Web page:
"My word,. sir, you're .a clever one, you are," said the pirate, more " than ever impressed; "if ; we. ' only, had you on the ^ -Pirate , Island-; I reckon :V things would look ¡ up a bit. Things are that" slow there I hates the idea of going back; ; Now, I bet ten pieces of eight you've been > making things lively, round your way since I seen you last. I never see such a promising:young gentleman as you for murder and things."
"Well," said Georgie; as a matter of" fact, I did have a small adventure the other night. I may tell you that a great friend of mine, the Rev. Whiteley Toombs, has a most beautiful daughter, - Alice; whom I intend to marry, some day. There
is also a wicked marquis, who wishes to make her
"A marquis, did you say, sir?" said Crossbones. . "I. didn't know you had such things- in these parts." .
"Not as a usual thing we don't,'.' replied Georgie ; "but, , you see, this one: is a remittance mari, who lives partly on his remittances and partly on his acquaintances. - Well, Alice refused him con- stantly, for reasons which may occur to: you in light of a statement I made just now with regard to ray own intentions."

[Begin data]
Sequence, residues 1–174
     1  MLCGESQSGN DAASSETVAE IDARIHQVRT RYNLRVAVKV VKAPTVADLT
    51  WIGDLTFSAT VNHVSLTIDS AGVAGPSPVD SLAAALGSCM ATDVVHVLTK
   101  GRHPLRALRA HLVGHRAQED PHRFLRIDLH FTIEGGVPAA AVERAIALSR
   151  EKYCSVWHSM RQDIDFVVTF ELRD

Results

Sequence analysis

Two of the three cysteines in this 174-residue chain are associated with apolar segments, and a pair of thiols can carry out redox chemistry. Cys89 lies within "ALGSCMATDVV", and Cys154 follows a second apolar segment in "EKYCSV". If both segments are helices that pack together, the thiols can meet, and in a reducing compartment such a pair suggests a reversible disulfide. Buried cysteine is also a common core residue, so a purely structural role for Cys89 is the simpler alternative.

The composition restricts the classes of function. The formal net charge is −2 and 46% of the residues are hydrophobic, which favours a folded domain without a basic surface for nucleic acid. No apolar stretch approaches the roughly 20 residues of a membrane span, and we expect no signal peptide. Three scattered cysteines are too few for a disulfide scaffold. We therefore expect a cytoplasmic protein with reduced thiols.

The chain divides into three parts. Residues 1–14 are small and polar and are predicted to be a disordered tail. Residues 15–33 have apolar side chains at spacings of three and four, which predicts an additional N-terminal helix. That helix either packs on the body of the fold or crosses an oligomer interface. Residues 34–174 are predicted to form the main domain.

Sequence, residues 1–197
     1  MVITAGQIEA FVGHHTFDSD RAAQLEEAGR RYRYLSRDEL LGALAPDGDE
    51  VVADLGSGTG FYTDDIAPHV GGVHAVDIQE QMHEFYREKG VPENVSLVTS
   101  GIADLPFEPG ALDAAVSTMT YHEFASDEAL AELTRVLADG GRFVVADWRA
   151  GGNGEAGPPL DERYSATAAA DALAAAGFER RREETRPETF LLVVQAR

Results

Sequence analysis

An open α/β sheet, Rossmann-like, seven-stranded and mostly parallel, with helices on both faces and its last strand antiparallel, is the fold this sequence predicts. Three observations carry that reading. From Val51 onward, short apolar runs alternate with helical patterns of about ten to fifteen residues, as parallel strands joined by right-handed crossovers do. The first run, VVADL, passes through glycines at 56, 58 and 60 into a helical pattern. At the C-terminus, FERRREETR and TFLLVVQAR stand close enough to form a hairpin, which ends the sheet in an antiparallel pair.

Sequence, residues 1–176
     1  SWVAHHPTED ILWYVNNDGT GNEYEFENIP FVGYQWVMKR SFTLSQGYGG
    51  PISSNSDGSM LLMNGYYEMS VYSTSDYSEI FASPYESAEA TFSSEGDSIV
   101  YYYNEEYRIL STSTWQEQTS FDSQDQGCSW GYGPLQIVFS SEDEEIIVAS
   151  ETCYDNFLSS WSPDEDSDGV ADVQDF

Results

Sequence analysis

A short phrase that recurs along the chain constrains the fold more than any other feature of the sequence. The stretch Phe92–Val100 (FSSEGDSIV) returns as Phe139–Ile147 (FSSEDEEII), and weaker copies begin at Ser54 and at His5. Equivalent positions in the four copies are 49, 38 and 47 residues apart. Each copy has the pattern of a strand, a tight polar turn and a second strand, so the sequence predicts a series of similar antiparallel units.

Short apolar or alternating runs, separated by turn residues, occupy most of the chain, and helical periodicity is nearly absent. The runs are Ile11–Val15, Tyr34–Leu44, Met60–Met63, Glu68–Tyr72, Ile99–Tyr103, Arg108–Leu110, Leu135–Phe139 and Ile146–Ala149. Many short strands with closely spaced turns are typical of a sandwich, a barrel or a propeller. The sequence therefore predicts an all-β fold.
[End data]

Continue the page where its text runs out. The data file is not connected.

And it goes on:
"Aye, age, sir!" said the pirate, admiringly; "she knows what's what, she do."
"Perhaps so, Crossbones; perhaps so. At any rate, the marquis swore . she should be his, and so one* night he hired some villains to carry her. off. Well, as it happened, I was walking on the shore that night, and saw the lady being carried down to a boat that had been drawn up on the beach. Just as the marquis was exclaiming, 'Once aboard the lugger, and--'
"'Not while there's a British warship in the bay,' I interrupted; and rushing down to the boat I pulled out the'plug and threw it into the water. With a hoarse cry of anger, the villains put the
maiden down and rushed to the end of the beach, , where a Ministerial picnic had lately been held. There, they knew, they' would find plenty of